Or: How To Ignore What Actually Matters

If you log out of Instagram, take a break from belatedly binging The OC, and let yourself pay attention, really pay attention, to everything happening in our country right now, you will realize President Trump’s Inaugural Address wasn’t a lie after all. It was a self-fulfilling prophecy: These, my friends, are the days of American Carnage, and they’re worse than even the most pessimistic among us could have predicted.

Not only have more than 84,000 human beings been killed by a virus that didn’t exist six months ago, but they’ve died without funerals, without vigils, without goodbyes. In some cases, they’ve even had to be put on waiting lists for burial spots and body bags. Experts say more Americans have lost their lives to the novel coronavirus than even those numbers indicate—not to mention all of the carnage we’ll see in the years to come from missed mammograms, cancelled colonoscopies, and delayed cancer screenings, especially among the millions who have lost their jobs, and their health insurance, during this crisis.

Meanwhile, our Department of Justice, which has sent thousands of people of color to prison for lying to the FBI, has declared that you really are above the law if you’re boys with the president, a decision which, get this, has been defended by the same news sources that have justified lynching a black man for going on a jog.

Humans, especially white humans, especially male humans, especially humans with money, tell ourselves we’re better off ignoring these tragedies—because Marisa and Ryan on The OC do a lot more for our dopamine receptors than reading the news. And I’m as good as anyone at ignoring what actually matters, even in normal times, when I’ll spend $80 on Flirtibirds at Angel Share while one billion human beings do not have access to clean water. One billion.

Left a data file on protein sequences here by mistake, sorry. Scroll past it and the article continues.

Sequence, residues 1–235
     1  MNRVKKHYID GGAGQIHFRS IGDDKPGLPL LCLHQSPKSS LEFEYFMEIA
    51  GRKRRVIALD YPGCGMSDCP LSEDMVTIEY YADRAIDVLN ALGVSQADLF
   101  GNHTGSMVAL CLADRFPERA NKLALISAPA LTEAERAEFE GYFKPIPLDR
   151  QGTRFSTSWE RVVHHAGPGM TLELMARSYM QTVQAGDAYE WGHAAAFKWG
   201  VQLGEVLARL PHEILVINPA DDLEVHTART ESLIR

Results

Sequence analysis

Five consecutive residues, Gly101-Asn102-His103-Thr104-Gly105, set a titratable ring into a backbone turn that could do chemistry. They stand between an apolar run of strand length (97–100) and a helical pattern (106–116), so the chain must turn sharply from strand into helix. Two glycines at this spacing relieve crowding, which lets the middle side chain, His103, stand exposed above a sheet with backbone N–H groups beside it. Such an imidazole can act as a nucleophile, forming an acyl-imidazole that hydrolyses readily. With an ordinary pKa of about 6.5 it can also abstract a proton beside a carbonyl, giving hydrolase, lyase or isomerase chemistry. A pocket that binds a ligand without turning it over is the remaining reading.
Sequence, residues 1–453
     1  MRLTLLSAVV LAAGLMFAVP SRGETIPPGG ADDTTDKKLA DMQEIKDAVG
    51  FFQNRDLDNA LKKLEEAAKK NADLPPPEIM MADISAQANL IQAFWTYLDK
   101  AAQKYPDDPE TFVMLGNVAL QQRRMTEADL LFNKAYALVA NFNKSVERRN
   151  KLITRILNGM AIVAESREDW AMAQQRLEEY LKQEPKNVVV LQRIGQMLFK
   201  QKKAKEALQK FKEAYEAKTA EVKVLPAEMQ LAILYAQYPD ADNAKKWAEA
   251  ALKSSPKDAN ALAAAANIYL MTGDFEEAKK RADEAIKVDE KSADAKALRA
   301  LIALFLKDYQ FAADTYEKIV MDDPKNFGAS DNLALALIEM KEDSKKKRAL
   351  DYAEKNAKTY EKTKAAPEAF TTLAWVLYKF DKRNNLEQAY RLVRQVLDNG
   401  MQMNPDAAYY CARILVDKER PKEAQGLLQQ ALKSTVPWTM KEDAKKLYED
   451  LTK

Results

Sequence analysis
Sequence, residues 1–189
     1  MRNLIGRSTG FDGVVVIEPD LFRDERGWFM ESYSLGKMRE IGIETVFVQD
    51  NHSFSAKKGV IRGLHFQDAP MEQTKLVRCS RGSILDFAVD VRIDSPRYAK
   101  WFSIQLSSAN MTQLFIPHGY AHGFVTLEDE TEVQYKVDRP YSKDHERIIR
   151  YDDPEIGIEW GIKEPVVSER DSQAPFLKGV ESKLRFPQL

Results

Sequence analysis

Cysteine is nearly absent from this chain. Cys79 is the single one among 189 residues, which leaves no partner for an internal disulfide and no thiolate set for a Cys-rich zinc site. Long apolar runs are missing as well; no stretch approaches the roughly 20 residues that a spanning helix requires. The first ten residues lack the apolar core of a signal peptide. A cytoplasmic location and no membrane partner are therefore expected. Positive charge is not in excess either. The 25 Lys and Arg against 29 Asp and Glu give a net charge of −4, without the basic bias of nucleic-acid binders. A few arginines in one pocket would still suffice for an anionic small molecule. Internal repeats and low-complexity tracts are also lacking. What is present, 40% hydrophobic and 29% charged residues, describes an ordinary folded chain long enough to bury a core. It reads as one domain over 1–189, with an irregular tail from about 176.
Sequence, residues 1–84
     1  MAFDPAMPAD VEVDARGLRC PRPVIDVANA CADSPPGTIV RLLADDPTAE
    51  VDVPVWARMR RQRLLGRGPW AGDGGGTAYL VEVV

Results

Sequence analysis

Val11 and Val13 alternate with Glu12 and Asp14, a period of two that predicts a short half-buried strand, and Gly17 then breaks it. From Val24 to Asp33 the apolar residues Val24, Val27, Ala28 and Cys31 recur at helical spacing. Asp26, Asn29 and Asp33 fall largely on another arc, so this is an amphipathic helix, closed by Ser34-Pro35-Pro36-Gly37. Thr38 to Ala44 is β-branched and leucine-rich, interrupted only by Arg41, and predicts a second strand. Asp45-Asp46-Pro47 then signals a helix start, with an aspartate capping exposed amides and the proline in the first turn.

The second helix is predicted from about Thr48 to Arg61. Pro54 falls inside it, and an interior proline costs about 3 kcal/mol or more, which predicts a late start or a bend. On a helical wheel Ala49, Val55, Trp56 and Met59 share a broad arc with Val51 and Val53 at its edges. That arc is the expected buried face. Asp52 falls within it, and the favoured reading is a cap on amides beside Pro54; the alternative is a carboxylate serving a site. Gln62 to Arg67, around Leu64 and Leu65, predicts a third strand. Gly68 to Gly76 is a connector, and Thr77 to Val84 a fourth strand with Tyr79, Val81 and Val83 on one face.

But, over the past week, even I haven’t been able to tune out the tragedies taking place all around us. Which is why I’ve had a hard time motivating to write my newsletter about cooking—because why should anyone give a fuck about how to make gravlax when thousands of cars are lined up at food banks across our country; when meat-processing plants are killing their employees because we refuse to eat more vegetables; and when there is no end in sight, since Republicans in Washington won’t invest in testing and tracing as long as the people dying from this disease are more likely to be poor, black, and live in blue states?  

The answer is you probably shouldn’t give a fuck about how to make gravlax. And I probably shouldn’t have cared the other night when my friend posted a picture of his Carbonara to Instagram, even though the eggs in it were scrambled. In fact, I tried to ignore it. But, eventually, I decided that, for everything we’ve lost, we must not give up the practice of being mad at the trivial tragedies taking place all around us, the irrational grievances that make our blood boil and remind us that we are human, particularly when it comes to food. 

Because if you’re going to lean on the supply chain at a moment like this—and force a farmer to abuse a chicken to bring you an egg for your bougie Roman pasta dish during a global pandemic and a great depression—you’d better not scramble that goddamn egg.